Filing 137

ORDER on Motions for Summary Judgment - Indiana's use of contingency-fee private prosecutors in civil forfeiture does not violate the Due Process clause. Thus, Plaintiff's Motion for Summary Judgment, (ECF No. 120 ), is den ied, and Defendants' Cross-Motion for Summary Judgment, (ECF No. 126 ), is granted. The case is resolved and final judgment shall issue accordingly. See Order for details. Signed by Judge James R. Sweeney II on 2/7/2024. (SWM)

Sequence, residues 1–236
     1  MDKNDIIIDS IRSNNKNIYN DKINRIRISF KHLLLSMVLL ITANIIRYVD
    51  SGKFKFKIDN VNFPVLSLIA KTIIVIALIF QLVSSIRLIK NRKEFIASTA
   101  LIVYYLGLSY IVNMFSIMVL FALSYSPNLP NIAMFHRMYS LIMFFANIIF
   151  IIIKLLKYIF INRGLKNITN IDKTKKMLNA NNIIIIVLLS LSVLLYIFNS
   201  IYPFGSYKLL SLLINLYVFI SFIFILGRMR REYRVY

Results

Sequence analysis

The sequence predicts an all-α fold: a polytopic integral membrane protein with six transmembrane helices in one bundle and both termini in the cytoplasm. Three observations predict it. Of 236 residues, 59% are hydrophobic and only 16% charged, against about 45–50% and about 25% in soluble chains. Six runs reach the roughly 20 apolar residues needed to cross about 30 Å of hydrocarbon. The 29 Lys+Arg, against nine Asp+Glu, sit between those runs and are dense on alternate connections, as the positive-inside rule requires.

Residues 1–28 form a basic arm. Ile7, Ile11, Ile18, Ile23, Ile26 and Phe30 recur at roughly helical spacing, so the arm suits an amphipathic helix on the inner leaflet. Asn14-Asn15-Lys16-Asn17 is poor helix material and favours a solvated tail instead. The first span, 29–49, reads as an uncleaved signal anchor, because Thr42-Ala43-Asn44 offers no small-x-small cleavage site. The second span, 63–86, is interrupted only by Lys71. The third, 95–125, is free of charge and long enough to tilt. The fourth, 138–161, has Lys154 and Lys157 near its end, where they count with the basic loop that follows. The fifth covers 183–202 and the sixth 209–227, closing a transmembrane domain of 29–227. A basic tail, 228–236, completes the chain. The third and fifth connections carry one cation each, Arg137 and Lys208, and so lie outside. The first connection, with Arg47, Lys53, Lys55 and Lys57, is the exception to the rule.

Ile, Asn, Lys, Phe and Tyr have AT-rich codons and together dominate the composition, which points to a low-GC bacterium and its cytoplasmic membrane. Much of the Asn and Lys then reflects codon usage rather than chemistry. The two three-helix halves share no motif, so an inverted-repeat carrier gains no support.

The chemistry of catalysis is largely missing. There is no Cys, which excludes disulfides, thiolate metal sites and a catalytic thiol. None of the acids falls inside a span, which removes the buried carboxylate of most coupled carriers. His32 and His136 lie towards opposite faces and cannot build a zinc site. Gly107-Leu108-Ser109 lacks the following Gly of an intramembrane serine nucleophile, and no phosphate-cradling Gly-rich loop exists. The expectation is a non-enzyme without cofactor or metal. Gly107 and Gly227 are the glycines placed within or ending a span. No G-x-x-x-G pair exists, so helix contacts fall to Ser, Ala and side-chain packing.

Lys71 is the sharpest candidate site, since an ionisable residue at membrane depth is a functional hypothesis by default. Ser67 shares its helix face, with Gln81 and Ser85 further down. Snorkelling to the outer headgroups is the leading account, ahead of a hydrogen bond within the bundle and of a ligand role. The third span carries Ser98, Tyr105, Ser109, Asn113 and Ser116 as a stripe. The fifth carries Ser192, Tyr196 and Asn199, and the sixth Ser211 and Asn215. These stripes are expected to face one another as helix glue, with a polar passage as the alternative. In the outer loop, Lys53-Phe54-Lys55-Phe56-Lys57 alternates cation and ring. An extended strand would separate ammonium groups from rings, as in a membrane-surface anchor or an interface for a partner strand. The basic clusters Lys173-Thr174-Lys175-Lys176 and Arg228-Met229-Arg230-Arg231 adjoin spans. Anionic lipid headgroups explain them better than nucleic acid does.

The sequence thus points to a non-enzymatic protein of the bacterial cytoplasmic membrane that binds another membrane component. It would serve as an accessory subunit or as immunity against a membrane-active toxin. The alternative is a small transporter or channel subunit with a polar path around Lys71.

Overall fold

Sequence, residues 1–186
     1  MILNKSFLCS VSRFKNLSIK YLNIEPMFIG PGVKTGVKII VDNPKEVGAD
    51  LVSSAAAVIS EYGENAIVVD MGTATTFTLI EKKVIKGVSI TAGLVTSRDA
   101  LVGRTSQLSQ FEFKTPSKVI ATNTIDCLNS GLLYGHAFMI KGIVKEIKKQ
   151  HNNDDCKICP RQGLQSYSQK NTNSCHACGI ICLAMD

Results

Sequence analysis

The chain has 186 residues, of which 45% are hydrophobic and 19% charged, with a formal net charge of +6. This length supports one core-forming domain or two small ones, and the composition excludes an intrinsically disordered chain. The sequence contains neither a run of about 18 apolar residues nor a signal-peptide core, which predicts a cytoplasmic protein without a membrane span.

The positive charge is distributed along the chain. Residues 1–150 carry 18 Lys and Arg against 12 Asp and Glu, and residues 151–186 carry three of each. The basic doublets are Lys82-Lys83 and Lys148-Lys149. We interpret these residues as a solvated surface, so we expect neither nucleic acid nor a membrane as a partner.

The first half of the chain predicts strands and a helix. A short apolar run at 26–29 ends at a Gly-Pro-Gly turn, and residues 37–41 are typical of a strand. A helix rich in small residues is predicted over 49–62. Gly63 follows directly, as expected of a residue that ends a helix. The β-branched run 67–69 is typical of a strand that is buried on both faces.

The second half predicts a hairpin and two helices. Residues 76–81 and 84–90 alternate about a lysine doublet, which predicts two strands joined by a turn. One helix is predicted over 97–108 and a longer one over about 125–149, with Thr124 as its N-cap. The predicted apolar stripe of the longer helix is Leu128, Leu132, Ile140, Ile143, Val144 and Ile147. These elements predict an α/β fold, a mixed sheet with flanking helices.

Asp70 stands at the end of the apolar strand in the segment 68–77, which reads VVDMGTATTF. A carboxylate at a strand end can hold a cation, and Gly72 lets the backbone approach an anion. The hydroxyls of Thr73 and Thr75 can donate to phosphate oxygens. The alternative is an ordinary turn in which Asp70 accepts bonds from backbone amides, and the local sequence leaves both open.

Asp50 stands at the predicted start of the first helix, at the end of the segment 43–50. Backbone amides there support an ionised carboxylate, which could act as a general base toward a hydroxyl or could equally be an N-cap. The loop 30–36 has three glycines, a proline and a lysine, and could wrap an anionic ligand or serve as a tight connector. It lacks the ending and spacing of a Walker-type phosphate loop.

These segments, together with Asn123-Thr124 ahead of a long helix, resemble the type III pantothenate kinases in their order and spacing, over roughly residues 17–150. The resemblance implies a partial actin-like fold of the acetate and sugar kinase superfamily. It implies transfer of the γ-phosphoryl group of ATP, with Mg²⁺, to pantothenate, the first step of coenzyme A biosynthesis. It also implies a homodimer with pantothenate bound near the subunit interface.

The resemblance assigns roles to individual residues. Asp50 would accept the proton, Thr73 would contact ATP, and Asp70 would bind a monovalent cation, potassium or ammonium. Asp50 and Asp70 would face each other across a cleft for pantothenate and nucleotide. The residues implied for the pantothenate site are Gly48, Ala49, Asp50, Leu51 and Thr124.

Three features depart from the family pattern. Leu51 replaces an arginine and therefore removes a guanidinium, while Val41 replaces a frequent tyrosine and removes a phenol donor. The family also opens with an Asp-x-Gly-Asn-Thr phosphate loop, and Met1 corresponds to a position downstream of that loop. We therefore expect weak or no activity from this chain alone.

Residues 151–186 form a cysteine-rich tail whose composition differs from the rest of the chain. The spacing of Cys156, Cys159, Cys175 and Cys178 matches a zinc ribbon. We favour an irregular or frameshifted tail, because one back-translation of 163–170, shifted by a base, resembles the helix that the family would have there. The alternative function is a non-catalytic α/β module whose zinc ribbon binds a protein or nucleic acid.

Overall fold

Download PDF